Leading U.S. Economic Index Falls for First Time Since September

The index of U.S. economic indicators decreased in December for the first time in three months, weighed by slowing factory orders and fewer building permits. 

The Conference Board’s measure of the economic outlook for the next three to six months fell 0.2 percent in December after rising 0.5 percent the month before, the New York-based research group said Friday. That matched the median forecast of economists surveyed by Bloomberg.

Five of the 10 indicators of the composite gauge decreased. Those also included an increase in jobless claims, the drop in stock prices and waning consumer confidence about the economic outlook.

“The index continues to suggest moderate growth in the near-term despite the economy losing some momentum at the end of 2015,” Ataman Ozyildirim, director of Business Cycles and Growth Research at the Conference Board, said in a statement. “It’s too early to interpret this as a substantial rise in the risk of recession.”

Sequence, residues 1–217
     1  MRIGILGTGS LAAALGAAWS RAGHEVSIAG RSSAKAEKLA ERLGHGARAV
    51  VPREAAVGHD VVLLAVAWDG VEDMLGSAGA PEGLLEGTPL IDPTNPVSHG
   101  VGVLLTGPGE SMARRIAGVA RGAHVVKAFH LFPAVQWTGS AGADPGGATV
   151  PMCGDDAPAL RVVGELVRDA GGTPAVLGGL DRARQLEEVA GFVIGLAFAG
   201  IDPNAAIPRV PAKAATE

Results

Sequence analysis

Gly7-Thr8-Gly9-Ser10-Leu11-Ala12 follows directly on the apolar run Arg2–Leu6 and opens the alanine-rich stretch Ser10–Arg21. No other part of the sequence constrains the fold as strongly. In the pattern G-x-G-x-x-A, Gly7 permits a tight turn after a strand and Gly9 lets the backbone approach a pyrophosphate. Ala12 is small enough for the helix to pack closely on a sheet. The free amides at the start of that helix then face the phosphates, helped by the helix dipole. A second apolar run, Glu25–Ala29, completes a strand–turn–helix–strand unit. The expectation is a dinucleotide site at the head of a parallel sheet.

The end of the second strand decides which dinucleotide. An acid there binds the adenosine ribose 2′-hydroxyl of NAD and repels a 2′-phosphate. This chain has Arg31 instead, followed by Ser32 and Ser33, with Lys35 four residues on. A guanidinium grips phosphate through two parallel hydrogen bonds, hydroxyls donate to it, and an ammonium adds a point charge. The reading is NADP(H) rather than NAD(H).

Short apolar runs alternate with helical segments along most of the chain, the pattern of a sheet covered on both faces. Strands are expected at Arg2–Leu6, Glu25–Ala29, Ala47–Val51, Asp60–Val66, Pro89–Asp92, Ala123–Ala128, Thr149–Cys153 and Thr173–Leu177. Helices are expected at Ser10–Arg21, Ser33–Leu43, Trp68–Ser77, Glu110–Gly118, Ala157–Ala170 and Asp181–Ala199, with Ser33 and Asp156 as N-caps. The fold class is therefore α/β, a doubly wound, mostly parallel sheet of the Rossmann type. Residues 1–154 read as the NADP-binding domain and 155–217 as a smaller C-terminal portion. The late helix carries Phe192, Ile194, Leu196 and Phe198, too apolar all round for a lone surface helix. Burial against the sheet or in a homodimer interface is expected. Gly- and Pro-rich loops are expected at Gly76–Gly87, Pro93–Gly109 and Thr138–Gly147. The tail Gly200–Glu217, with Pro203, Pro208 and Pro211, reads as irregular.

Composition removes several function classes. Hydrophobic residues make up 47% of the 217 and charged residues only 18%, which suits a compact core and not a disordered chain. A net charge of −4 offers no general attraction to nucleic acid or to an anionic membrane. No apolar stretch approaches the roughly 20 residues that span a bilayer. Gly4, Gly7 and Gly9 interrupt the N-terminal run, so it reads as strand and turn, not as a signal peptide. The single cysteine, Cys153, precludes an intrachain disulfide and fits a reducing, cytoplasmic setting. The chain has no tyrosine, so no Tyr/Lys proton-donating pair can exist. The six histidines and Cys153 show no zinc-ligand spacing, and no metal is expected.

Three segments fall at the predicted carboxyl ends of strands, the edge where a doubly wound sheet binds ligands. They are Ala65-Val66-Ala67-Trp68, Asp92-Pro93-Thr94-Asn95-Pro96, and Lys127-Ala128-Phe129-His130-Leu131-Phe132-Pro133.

Economists’ estimates in the Bloomberg survey ranged from a 0.4 percent drop to 0.3 percent advance. The November reading was revised up from a prior estimate that showed a 0.4 percent increase.

Coincident Index

The Conference Board’s coincident economic index, a measure of current economic activity, increased 0.1 percent in December for a second month. The gauge is determined by growth in industrial production, sales, payrolls and incomes -- the measures used by the National Bureau of Economic Research to determine the beginning and end of U.S. recessions.

The index is showing resilience compared to the volatility that’s rocked financial markets since the start of the year, indicating that troubles in equities may have a more tenuous link to actual developments in the economy.

The gauge of lagging indicators rose 0.2 percent in December after a 0.3 percent gain the month before.

Friday’s release also included annual benchmark revisions to the three indexes, aligning them with updates in the underlying source data.

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